Throughout his career, Daido Moriyama has sought new ways of recasting his images through the use of different printing techniques, installation, or by re-editing and re-formatting them. For this volume, Moriyama has returned to his contact sheets from the past five decades, selecting both classic and previously unpublished images. Included here are reproductions of original contact sheets; sequences of new contact sheets made from recombined negative strips that juxtapose images from the 1950s with those from the past ten years; and selections of individual images, both familiar and newly discovered. Together, they offer a comprehensive assembly of Moriyama's oeuvre, tracing recurring motifs and proposing startling new interpretations of some of his most iconic photographs. In opening up this private process of reexamination to a wider public, Moriyama continues to challenge the viewer, his own practice and the larger mechanisms by which photography makes meaning.
Author: Daido Moriyama, Kazuo Nishi
Publisher: Phaidon Press
Year: 2012 - Pages: 128
Born in 1938 and brought up for a short while in Osaka, Japan, Daido Moriyama spent much of his childhood on the move, due to his father's profession as a travelling insurance salesman. Moriyama studied graphic design and, in the 1960s, moved to Tokyo to work with the VIVO group of photographers, which included Eikoh Hosoe and Shomei Tomatsu. Accompanied by a surge in Japanese economic growth and mass culture, Moriyama was published in several magazines and journals, earning him the accolade of Most Promising Photographer by the Japan Photography Critics Association. Moriyama was a member of PROVOKE Magazine at the time of international youth movements and unrest in 1968. The magazine, and Moriyama's photography, sought to assert an independence over the classically held notion of photography as purely a visual sign. He was aware that the camera can not offer a complete record and it is in this very partialness that the real excitement and enigma in his work arises. Exploring themes of self-expression, the disfiguration of urban landscapes, eroticism and fading Japanese traditions, Moriyama remarked that one of photography's essential qualities is its amateurism, and another its anonymity. These have numbered among his preoccupations from the beginning and most of Moriyama's images follow a snapshot aesthetic, often taken while running or from a moving car, without the use of a viewfinder. This monograph on Moriyama follows a chronological order, identifying major themes and examining key works; a beautifully produced, affordable introduction to one of the most influential figures in photography today.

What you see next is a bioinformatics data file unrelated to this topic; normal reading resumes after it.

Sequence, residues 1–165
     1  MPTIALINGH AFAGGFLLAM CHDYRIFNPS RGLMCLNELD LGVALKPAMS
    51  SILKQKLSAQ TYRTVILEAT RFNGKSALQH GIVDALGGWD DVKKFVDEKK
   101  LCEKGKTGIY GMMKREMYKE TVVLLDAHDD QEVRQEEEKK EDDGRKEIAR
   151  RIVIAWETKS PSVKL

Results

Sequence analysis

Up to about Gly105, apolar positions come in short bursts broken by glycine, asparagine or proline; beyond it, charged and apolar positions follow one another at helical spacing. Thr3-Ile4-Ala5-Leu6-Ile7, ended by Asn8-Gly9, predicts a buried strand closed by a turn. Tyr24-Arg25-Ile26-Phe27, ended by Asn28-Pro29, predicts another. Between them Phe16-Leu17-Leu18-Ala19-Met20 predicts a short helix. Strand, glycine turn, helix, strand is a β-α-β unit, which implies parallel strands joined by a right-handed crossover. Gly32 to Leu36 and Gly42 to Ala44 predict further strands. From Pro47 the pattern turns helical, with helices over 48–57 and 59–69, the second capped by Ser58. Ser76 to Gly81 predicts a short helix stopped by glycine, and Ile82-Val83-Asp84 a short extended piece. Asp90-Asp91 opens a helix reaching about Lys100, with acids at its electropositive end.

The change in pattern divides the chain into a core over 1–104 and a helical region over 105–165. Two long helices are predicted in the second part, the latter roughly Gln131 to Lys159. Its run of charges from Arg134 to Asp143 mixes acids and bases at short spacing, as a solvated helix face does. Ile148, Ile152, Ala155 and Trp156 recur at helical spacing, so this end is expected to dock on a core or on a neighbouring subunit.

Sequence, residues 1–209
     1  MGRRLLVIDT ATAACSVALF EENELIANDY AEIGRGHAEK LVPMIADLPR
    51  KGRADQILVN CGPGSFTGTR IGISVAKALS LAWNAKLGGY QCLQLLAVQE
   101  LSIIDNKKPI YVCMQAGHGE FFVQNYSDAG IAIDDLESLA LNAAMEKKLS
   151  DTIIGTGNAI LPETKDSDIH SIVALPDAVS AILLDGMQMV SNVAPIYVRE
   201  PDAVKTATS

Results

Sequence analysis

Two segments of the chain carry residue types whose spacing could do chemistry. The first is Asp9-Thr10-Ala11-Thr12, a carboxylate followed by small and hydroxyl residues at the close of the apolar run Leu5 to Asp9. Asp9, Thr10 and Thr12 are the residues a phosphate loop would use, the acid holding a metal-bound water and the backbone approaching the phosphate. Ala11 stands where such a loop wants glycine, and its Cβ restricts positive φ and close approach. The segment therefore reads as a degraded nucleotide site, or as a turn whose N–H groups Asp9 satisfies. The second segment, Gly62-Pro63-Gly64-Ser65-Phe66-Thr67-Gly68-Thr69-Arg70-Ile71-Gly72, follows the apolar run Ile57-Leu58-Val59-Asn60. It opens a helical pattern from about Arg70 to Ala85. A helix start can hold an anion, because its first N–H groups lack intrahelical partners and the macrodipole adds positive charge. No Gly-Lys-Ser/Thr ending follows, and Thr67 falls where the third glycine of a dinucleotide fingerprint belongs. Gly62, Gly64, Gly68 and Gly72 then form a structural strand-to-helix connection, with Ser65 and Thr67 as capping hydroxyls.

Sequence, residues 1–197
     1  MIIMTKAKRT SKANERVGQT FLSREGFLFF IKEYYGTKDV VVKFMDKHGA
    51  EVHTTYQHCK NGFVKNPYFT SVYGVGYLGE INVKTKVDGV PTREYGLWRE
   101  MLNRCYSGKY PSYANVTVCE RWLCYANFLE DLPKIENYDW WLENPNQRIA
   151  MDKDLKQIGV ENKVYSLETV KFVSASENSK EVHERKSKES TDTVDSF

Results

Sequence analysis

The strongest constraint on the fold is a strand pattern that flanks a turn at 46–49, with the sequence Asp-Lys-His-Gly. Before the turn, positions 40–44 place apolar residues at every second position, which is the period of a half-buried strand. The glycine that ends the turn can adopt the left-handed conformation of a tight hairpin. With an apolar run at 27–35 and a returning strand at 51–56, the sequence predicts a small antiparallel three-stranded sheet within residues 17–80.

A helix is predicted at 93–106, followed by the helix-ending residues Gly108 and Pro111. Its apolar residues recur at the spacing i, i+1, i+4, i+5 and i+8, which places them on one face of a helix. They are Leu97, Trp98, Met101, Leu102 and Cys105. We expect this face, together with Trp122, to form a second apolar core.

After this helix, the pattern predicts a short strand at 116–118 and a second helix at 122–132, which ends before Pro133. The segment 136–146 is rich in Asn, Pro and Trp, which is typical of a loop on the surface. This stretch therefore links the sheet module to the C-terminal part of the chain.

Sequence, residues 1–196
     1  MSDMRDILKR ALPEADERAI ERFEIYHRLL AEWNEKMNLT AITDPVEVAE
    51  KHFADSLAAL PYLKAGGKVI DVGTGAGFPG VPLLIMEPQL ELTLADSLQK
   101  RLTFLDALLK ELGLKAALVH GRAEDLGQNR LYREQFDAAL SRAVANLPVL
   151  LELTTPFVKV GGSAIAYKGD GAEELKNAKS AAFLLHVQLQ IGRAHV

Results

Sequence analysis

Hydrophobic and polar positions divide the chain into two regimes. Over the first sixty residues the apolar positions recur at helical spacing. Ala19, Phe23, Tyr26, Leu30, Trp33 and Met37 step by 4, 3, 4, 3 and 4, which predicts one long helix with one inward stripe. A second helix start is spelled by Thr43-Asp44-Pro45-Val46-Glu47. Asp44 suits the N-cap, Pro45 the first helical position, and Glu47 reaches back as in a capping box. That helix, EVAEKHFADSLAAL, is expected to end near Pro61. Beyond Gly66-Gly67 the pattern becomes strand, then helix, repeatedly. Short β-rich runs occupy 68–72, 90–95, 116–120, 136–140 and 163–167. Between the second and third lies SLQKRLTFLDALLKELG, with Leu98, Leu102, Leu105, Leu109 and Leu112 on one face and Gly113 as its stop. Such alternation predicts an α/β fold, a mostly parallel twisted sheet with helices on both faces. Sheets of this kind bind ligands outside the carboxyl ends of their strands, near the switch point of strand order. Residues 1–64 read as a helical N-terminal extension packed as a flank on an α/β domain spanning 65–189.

Author: Daido Moriyama, Filippo Maggia
Year: 2010 - Pages: 440
A broad monograph devoted to one of the preeminent names in contemporary Japanese photography. Moriyama's photography is provocative, both for the form it takes (Moriyama's photographs may be dirty, blurry, overexposed or scratched) and for its content. The viewer's experience of the photo--whether it captures a place, a person, a situation or an atmosphere--is the central thrust in his work, which vividly and directly conveys the artist's emotions. The approximately 200 black-and-white images sketch out an original perspective on Japanese society, especially during the period from the 1950s to the '70s. During this time, he produced a collection of photographs -- Nippon gekijo shashincho -- which showed darker sides of urban life and relatively unknown parts of cities. In them, he attempted to show what was being left behind during the technological advances and increased industrialization in much of Japanese society. His work was often stark and contrasting within itself--one image could convey an array of senses; all without using color. His work was jarring, yet symbiotic to his own fervent lifestyle. In addition, the artist has included a number of photos shot in the past decade to complete this volume.